JavaScript

fs.Stats – get file information

Lean how to query the status of files using Node.js, returning information such as the file type, file owner, access permission file size, number of links, inode number and file birth, access, change and modify times.

You can use any of the three methods to populate the stat structure with the attributes of a file: fs.stat(), fs.lstat(), and fs.fstat(). And their synchronous counterparts are of this type: fs.statSync(), fs.lstatSync(), and fs.fstatSync(). Here are brief descriptions of these methods.

fs.stat() and fs.statSync()

The fs.stat() (and its synchronous counterpart fs.statSync()) method reads information about the file specified in the path parameter. If the named file is a symbolic link, it returns the information about the file that the link points to.

fs.lstat() and fs.lstatSync()

The fs.lstat() (and its synchronous counterpart fs.lstatSync()) method works like the fs.stat() system call, except that if the named file is a symbolic link, the call returns information about the link file and not where it points to.

fs.fstat() and fs.fstatSync()

The fs.fstat() (and its synchronous counterpart fs.fstat()) methods returns information about an open file. It’s generally called a file descriptor.

For more information visit https://nodejs.org/api/fs.html.

Asynchronous example using fs.stat

const fs = require('fs'),
path = 'd:\\ptcl.pdf'

fs.stat(path, (err, stat) => {
 console.log(stat)
})

Synchronous example using fs.statSync

const fs = require('fs'),
path = 'd:\\ptcl.pdf'

const stat = fs.statSync(path)
console.log(stat)

Result

The output yields the following results object on my Windows 10’s command prompt console:

Stats {
 dev: 3803513792,
 mode: 33206,
 nlink: 1,
 uid: 0,
 gid: 0,
 rdev: 0,
 blksize: undefined,
 ino: 281474976744241,
 size: 227700,
 blocks: undefined,
 atimeMs: 1518123325605.2195,
 mtimeMs: 1456549122349.375,
 ctimeMs: 1456549122349.375,
 birthtimeMs: 1518123325605.2195,
 atime: 2018-02-08T20:55:25.605Z,
 mtime: 2016-02-27T04:58:42.349Z,
 ctime: 2016-02-27T04:58:42.349Z,
 birthtime: 2018-02-08T20:55:25.605Z }

How to read fs.Stats information

You can access the properties of fs.Stats object with a simple dot-notation:

const fs = require('fs'),
path = 'd:\\ptcl.pdf'

const stat = fs.statSync(path)
console.log(stat.dev)
//3803513792

You also can use a bracket notation:

console.log(stat['dev'])
//3803513792

Following are the brief description of each fs.Stats properties.

dev

Device id – ID of the device containing the file. This number uniquely identifies the file device.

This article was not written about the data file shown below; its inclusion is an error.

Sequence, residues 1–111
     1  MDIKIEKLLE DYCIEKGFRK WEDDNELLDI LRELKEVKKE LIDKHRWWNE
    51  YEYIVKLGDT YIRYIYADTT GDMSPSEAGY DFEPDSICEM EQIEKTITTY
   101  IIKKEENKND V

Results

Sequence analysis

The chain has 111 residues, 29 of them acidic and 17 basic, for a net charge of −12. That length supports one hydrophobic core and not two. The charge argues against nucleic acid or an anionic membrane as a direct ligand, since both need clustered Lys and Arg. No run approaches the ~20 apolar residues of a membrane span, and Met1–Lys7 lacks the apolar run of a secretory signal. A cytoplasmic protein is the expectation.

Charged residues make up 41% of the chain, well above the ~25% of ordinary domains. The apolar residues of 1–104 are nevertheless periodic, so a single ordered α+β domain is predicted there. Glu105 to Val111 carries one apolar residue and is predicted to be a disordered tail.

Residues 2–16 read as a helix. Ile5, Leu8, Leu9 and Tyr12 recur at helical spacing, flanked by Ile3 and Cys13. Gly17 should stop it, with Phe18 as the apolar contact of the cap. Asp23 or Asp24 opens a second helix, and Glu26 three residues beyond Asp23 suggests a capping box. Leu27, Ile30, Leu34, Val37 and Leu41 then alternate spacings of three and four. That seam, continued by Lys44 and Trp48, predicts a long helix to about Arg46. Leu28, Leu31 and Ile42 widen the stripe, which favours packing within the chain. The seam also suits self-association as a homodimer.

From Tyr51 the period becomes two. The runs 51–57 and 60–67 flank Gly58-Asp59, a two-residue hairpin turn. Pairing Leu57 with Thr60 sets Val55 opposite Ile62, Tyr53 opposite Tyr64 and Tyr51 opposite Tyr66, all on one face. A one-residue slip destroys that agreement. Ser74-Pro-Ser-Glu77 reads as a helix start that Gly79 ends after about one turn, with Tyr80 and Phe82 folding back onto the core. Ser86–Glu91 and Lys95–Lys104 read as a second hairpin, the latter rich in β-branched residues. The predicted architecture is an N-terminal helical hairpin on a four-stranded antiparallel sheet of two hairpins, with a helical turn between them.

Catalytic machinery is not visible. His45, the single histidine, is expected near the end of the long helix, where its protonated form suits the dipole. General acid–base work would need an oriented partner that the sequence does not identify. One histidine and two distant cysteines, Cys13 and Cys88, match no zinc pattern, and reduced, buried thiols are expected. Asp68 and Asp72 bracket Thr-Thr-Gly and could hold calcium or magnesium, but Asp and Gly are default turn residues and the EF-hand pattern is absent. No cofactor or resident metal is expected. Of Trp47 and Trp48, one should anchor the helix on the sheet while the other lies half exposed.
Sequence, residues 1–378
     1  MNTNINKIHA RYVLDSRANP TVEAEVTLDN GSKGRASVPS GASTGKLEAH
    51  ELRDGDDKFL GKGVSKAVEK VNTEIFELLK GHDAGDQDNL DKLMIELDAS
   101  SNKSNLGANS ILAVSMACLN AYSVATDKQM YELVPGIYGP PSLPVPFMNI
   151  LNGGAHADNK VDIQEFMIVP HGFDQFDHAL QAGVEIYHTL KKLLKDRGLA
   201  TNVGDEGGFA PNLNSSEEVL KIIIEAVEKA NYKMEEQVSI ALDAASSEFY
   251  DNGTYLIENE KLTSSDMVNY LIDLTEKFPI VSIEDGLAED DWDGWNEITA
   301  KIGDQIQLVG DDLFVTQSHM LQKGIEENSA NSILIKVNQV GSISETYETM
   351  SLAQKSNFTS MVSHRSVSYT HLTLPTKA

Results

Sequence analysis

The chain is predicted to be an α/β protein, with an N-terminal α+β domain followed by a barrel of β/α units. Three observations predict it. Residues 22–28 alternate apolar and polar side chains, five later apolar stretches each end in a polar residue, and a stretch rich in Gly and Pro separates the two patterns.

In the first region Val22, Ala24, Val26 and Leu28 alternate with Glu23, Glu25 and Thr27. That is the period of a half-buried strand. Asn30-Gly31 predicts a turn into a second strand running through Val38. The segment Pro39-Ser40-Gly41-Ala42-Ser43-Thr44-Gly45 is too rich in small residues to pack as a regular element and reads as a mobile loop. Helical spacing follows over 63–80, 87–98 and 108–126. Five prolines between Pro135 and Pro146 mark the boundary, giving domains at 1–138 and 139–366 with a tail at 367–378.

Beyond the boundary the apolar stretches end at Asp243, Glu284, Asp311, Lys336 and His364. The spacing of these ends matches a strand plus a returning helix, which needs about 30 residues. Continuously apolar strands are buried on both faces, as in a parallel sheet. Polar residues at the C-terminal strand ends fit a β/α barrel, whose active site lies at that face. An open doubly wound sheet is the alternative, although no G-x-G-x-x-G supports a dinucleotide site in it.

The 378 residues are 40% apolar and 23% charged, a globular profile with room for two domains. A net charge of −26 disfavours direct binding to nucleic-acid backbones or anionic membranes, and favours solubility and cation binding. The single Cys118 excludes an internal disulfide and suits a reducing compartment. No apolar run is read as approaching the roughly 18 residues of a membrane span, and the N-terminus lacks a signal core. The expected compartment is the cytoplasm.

mode

The mode property hold a lot of useful information, for example:

  • File type (directory, regular file, fifo, socket etc)
  • setuid, setgid and sticky bits are set or not
  • File’s access permissions (e.g. read, write, and execute) for the owner, group and others

nlink

Number of hard links to the file. https://en.wikipedia.org/wiki/Hard_link

uid

The numeric user ID (uid) of the owner of the file.

gid

The numeric group ID (gid) of the file’s owner.

rdev

Device ID if the file is a special file.

blksize

Block size for file system I/O in bytes. This number is the number of bytes in a block of disk unit storage.

ino

File inode number or file id. An inode is a file system data structure that stores information about a file or directory. https://en.wikipedia.org/wiki/Inode

size

The total size in bytes.

blocks

Number of blocks allocated for the file.

atimeMs : Access Time in Milliseconds

The timestamp, in milliseconds, of the last access to the data of the file system entity.

mtimeMs : Modify Time in Milliseconds

The timestamp, represents the file’s last modification time in milliseconds. For example, the last change to file’s content.

ctimeMs : Change Time in Milliseconds

The timestamp, represents the last time the file’s inode was changed in milliseconds. ctimeMs also changes when you change file’s ownership or access permissions.

birthtimeMs : Create Time in Milliseconds

The timestamp, in milliseconds, when a file was first created۔

atime : Access Time

Represents the the last time the data from a file was accessed. For example read by a OS’s process directly or through commands and scripts.

mtime : Modify Time

Represents the file’s last modification time. For example, the last change to file’s content.

ctime : Change Time

Represents the last time the file’s inode was changed. ctime also changes when you change file’s ownership or access permissions.

birthtime : Create Time

Represents when a file was first created, known as “creation time” or “birth time”.

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